Confession: Moving to a homestead-in-making has made me feel like such a city kid, despite the fact that I grew up in the wilds of Minnesota and come from a long, proud line of bumpkins.
Most of the time I don’t know what I’m doing. Here are a few things we learned, mostly the hard way, our first year—
- We’re not in the suburbs anymore. We lost both Little Sal and Mr. Cinnamon to predators. I know—I never wrote about it when it happened. That’s because I was upset and angry for a long time. Mostly I still am.
- Hill your corn. Before it falls. We still got some, and oooh. Fresh sweet corn is heaven.
- Stake tomatoes and tie plants to stakes with soft cloth strips. This worked well!
- Plant “Jade” beans—the five plants that survived the slugs were incredible: hardy bushes loaded with long, straight fruit. We’re talking 7 inches and upward. I bet they gave me twice the yield of the variety I planted in their place (and sprayed liberally with Seven).
- Plant slow-growing perennials right away. We planted a long row of asparagus, and started four rhubarb plants—generous gift of my SIL Renita. We also gathered a few herbs from friends, to start our own patch.
- Peas are so not worth it. Not to me. All work and no fruit. My parents came to this conclusion long ago, but of course I had to try it for myself…
- Plant pumpkins far, far away–preferably on your neighbor’s land. They’re so lovely. They make super decorations and mouth-watering pies. But they spread tendrils literally all over the garden. And out of it.
- Plant marigolds about your garden. Probably everyone in the United States does this, but it helps reduce bugs and makes your garden pretty.
- Hang in there. Enjoy the fruit of your labor. Remember you win some, you lose some. It doesn’t all have to happen in one year.
What’s your best garden success or failure story of 2012?
Aww. You guys lost Little Sal & Mr. Cinnamon? That’s terrible. I bet your kids were very sad to lose them. Sorry!
Pumpkins in the neighbors yard good idea!
No way! You lost the animals? What predators? Roving bands of wild dogs?I am sorry!
Gardening I am learning is a gift people are blessed with.Haven’t been blessed in that category yet!
We don’t know. Probably dogs for Sal, possibly a coyote. And a bird of prey for Mr. Cinnamon? 🙁
I keep thinking my children are going to miss out on the whole peas factor if I don’t plant them. Your post convinced me and now I know why my mother quit, along with lima beans!
Plant plenty of tomatoes to get just enough. Maybe it’s just my garden, but some years they can be so skimpy. I planted 50 this year. Yup, 50!
If the garden isn’t close to the house or the dog, forget planting corn and cover all beans and melons with deer netting. We couldn’t keep corn if our lives depended on it.
My mom told me about those beans. I will need to plant those next year. Do they carry them in Meadville or did you order them?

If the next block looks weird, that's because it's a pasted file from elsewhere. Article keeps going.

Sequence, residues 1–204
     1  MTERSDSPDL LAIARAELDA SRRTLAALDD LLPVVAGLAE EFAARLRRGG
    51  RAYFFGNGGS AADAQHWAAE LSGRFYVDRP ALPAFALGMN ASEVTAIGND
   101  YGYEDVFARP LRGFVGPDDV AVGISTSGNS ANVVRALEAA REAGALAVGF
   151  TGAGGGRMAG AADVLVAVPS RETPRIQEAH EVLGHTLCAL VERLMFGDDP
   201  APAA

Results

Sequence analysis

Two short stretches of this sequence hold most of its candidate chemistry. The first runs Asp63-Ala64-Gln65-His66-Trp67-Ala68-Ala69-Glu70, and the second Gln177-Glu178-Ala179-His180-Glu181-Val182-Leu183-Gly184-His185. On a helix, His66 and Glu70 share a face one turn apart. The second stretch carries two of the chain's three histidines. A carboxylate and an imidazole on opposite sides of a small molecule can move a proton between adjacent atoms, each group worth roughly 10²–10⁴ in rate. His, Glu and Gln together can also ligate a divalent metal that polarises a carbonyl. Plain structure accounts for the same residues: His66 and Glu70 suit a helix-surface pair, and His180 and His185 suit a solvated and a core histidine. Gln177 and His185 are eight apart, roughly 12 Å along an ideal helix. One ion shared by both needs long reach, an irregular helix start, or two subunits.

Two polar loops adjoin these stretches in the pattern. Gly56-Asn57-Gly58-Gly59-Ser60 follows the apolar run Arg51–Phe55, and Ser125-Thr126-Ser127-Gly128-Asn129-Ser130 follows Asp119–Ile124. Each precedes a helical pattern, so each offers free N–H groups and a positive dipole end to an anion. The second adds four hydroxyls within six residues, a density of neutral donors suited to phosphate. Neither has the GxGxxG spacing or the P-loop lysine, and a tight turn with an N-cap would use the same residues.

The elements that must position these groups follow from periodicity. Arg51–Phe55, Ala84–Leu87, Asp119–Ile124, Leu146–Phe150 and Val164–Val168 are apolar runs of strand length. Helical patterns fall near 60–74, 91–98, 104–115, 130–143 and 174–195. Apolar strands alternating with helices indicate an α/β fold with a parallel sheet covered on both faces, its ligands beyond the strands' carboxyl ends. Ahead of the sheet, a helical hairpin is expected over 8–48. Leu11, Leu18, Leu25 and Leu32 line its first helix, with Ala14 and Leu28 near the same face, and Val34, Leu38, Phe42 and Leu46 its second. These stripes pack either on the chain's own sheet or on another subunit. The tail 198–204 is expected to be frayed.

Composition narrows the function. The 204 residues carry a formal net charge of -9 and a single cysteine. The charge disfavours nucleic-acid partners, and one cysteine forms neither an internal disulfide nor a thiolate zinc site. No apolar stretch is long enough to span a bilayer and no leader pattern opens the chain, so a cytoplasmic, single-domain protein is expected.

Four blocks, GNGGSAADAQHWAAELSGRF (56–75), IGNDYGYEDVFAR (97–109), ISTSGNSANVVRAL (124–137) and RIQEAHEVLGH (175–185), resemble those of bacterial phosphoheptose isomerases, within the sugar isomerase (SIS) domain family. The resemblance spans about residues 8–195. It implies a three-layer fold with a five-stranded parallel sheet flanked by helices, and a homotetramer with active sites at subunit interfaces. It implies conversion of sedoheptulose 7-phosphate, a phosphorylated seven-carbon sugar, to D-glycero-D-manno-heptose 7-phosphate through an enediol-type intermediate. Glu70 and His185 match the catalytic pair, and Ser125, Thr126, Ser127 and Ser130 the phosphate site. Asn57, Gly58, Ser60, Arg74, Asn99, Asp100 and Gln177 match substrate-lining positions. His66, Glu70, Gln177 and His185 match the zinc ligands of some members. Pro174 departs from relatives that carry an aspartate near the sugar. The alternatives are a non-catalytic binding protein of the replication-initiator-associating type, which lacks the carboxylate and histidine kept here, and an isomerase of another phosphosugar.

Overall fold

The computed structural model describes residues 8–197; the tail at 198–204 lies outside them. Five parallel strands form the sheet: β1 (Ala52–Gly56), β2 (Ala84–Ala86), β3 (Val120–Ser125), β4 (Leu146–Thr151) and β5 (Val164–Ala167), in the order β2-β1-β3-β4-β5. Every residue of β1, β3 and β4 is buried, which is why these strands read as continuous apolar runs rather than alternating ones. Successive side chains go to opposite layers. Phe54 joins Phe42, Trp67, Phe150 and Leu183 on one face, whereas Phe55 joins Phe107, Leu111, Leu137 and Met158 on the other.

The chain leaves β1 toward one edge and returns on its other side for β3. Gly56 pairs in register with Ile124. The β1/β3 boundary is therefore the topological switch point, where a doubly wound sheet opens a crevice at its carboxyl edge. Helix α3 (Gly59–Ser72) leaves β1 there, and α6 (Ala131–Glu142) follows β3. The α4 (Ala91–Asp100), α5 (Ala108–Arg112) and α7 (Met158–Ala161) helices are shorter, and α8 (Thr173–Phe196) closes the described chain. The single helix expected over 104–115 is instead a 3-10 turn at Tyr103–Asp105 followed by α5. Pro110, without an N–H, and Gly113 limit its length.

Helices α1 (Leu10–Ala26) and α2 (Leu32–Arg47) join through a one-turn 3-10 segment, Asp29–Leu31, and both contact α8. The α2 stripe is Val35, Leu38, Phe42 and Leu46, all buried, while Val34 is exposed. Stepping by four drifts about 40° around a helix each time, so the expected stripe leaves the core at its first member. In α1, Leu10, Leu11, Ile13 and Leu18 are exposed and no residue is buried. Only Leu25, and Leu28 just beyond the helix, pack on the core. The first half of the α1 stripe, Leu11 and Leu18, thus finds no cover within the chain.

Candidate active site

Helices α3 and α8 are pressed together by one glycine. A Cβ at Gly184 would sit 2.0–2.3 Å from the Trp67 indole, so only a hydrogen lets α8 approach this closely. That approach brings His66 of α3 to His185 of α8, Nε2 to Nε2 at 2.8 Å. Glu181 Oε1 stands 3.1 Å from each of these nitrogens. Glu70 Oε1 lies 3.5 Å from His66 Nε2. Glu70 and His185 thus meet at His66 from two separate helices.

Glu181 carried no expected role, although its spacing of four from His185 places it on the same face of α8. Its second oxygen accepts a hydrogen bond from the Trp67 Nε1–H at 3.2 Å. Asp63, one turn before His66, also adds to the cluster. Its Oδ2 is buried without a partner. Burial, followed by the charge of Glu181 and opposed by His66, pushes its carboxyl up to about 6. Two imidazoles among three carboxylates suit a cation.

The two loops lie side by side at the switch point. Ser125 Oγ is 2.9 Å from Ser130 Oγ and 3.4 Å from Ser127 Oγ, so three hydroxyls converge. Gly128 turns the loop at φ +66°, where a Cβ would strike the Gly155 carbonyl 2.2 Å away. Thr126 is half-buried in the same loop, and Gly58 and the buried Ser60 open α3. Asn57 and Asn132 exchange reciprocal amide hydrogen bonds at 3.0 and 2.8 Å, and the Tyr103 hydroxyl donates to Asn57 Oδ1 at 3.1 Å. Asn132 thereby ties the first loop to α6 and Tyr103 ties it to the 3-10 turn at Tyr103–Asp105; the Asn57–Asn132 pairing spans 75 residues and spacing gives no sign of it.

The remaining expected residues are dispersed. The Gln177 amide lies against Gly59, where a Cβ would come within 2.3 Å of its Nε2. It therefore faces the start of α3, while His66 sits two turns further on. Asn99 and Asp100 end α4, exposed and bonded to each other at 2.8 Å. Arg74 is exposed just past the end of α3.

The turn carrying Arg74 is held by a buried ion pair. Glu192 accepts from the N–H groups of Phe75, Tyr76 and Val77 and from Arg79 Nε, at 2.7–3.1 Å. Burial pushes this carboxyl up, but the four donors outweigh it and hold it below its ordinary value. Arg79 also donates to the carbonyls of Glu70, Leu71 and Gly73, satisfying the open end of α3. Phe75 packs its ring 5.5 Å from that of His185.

I ordered them from the Berlin Seed Co. in Ohio. Thanks for the other advice!
So finally someone else agrees with my “pea theory”! They are not worth the time for a busy mom and you can buy good frozen peas in the store. But I’m always told that I’m just lazy and not a very good industrious Mennonite woman…:)
I really enjoyed my first vegetable garden this year, since i moved from home, even though it mostly grew up in weeds which didn’t all get pulled before Amish church was held here today. of the weeds i like to say that God is growing mulch for me, the longer i let them go (some ended up taller than me) the more mulch it makes 🙂 and i pull them and lay them down between the plants i planted. i discovered that lamb’s quarter will not die very easily especially if there is a large clunk of soil around the roots – and so i had to pull some of them twice. Arugala was one of my favorite crops, nice to have my own onions, beets and carrots too. the tomatoes didn’t fair so well due to blight and that a big, bad beautiful bird that does as he pleases (aka peacock) happens to consider tomatoes a delicacy. i agree Peas are a lot of work and so i didn’t plant any. snap and sugar peas give more reward for your labor. Jade was one of my families favorites for resiliency, taste and production. my greenbeans didn’t grow so i bought fresh Green beans from my Amish neighbors, so i don’t have to eat store bought all winter. and another neighbor who has practically adopted me as a sister, gave me 1/2 a bushel of okra. i discovered its easiest to put up and easiest to use if i chop and freeze without blanching.
i love reading your “confessions” Shari.
Marigolds– yes. And they make their own seeds for next year so easily! Another flower that is SO easily grown, multiplied, and reseeded is the zinnia! My all-time fav for spicing up the garden, picking for vases and decorating little girls’ hair! They possibly will reseed themselves in the garden, or if you make sure the old heads dry– save them for next year and plant after frost!
My sister taught me an amazing trick with tomatoes that is making me very happy this year. Pick them green and put them in cool, dark spot (I’m using my root cellar). They ripen beautifully (in greater lots than 2 or 3 at a time) and they are spared of the bugs and blight that love to attack the ripening fruit. Like I said, this tip is making me a very happy tomato farmer this year. 🙂